Guardian Early Learning Group Opens Pedagogical Exchange

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Guardian Early Learning Group has officially its world-class Pedagogical Exchange in Melbourne, Victoria. The Exchange is the first of its kind in Australia, and sets a national benchmark in education training for the early learning sector.

To celebrate the opening of the Pedagogical Exchange in Melbourne’s inner-city suburb of Richmond, Guardian is hosting the internationally acclaimed Reggio Children’s Hundred Languages of Children Exhibition in collaboration with Reggio Emilia Australia Information Exchange (REAIE), which documents the incredible capabilities of the children at the renowned infant toddler centres and preschools of Reggio Emilia, Italy.

 

PLEASE CREDIT 2017 JIM LEE PHOTO

Nicki Garnett & Shayne Kline                Jim Lee Photo

 

Tom Hardwick, CEO of Guardian Early Learning Group, says that as a world-class training and education facility, the Pedagogical Exchange will have a significant impact on the Australian early learning sector. In the first year, we plan to have more than 2,500 educators participate in our training programs as part of our commitment to developing better educators and a professional learning network.

“We are thrilled to be hosting the highly regarded and exclusive Hundred Languages of Children Exhibition at the Pedagogical Exchange as it provides a professional learning opportunity that will develop the knowledge base for trainers and educators,” says Tom.

 

PLEASE CREDIT 2017 JIM LEE PHOTO

Tom Hardwick and Simon Cavagnah             Jim Lee Photo

 

“This collaboration shows how the Pedagogical Exchange can facilitate internationally acclaimed educational exhibits, and the active exchange of ideas with educators, children, families and the broader community.”

The Hundred Languages of Children Exhibition, which has been touring the world for 35 years, provides unique and intriguing insights into how children think through photographs, words, paintings, drawing and sculptures. It brings to life the Reggio Emilia philosophy that children are competent in building knowledge and seeking meaning.

 

PLEASE CREDIT 2017 JIM LEE PHOTO

Jody Kingston, Kerrie O’Neil and Karen Szyclick         Jim Lee Photo

 

The Exhibition is open to Australian educators and the general public, and provides clarity on what we are trying to achieve at Guardian by making learning visible and showing families that the education system has evolved,” explains Tom. “We believe the Hundred Languages of Children Exhibition shows our commitment to driving professional advocacy for children and setting a new national benchmark in early learning education.”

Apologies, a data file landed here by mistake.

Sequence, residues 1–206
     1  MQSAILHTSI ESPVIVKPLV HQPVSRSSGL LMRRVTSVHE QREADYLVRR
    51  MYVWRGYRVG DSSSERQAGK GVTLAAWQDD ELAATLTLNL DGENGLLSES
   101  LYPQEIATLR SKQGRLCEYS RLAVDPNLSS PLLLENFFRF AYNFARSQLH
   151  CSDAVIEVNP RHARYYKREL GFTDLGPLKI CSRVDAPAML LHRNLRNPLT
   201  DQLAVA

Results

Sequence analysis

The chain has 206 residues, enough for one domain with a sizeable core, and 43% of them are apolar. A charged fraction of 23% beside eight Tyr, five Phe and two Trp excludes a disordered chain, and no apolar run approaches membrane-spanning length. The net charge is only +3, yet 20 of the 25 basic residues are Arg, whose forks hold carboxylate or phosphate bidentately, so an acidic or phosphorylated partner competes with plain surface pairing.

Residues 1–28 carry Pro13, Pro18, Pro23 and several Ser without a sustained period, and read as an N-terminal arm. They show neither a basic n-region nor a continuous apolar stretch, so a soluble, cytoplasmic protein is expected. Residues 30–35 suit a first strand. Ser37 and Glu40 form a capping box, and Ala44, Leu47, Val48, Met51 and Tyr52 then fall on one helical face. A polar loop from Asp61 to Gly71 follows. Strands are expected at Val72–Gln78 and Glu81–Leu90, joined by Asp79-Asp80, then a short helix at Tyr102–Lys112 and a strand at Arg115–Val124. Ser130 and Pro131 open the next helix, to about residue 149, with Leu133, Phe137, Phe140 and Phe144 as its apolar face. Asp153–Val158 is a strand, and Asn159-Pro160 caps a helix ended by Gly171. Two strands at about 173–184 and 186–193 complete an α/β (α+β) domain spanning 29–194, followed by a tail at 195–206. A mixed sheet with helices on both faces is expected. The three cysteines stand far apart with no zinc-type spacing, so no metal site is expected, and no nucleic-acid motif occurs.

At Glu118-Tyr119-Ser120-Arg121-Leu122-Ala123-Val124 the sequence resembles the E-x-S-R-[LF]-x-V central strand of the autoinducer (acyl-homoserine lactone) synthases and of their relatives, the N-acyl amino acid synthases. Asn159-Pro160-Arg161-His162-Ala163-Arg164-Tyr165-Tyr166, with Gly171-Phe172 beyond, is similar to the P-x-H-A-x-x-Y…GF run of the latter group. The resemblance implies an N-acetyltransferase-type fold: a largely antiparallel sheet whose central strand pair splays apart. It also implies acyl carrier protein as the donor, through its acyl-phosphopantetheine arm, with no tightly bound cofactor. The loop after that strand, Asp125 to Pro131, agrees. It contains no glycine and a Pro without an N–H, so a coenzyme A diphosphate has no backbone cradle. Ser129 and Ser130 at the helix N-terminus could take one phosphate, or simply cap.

Emphasising this commitment, the net proceeds from the Hundred Languages of Children Exhibition will fund a Guardian scholarship for Australian educators working with Indigenous children to attend the Reggio Emilia International Study Tour, in Italy, for the next three years.

Visitors to the Exhibition will also be able to experience the new Pedagogical Exchange, which, includes an exhibition space, materials store, art studio, documentation centre, resources library and Early Learning Centre. Housed in a repurposed Australia Post distribution centre, the Pedagogical Exchange has been specially designed to encourage the exchange of theories, ideas, resources and materials between families, educators and children.

 

Ped X Art Studio 2

 

Reflecting Guardian’s dedication to creating a sustainable future for children, the Pedagogical Exchange uses its materials store and art studio to run the Guardian Exchange Project, which recycles, reuses and repurposes waste materials for creative learning opportunities.

Kathryn Waugh, Head of Curriculum and Quality at Guardian Early Learning Group, says that both the Pedagogical Exchange and the Exhibition shine a new light on how Guardian is preparing children for school, life and career.  “If children enjoy learning, they learn in a meaningful way, so our educators use strategies to purposefully draw out deeper thinking via interest-led learning, through which they build the foundation skills to be capable thinkers and successful learners,” Kathryn explains. “This can be a challenging concept for some parents who have more traditional approach to learning, so the Hundred Languages of Children Exhibition demonstrates the complex thinking that children are capable of, brings it to life, and provides evidence of their capabilities by moving them through the theory to practice.

 

PLEASE CREDIT 2017 JIM LEE PHOTO

Kathryn Waugh, Claire de Crespigny, Libby Cummins and Kristy Liljegren                                 Jim Lee Photo

 

“To achieve these quality outcomes, you need educators who are well trained to apply specific teaching strategies to support children’s complex thinking and provide high-quality learning.” continues Kathryn Waugh. “This is why the Pedagogical Exchange is so important because it is geared to provide that training. With trainers assembled from leading private schools and the Reggio Emilia Australian Information Exchange, all with over 20-plus years experience, we have the best in the business to deliver on that promise of ‘best in practice’.”

The Hundred Languages of Children Exhibition will be on display from February to July 2017. The last time the exhibit was in Melbourne was September 2010, so this is a unique opportunity.

For tickets and information on the different sessions visit www.hundredlanguages.com.au

For more information about Guardian Early Learning visit https://www.guardian.edu.au/

Educators are invited to attend workshops or open days to gain insights into the Reggio Emilia approach.  Groups wishing to visit the exhibit or to undertake a professional development day, should contactexhibit@guardian.edu.au

 

 

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